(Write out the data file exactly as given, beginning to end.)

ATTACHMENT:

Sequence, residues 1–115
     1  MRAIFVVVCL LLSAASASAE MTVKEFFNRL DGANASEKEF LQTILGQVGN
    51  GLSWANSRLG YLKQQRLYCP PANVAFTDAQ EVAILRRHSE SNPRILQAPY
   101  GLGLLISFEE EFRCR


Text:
Sequence, residues 1–115
     1  MRAIFVVVCL LLSAASASAE MTVKEFFNRL DGANASEKEF LQTILGQVGN
    51  GLSWANSRLG YLKQQRLYCP PANVAFTDAQ EVAILRRHSE SNPRILQAPY
   101  GLGLLISFEE EFRCR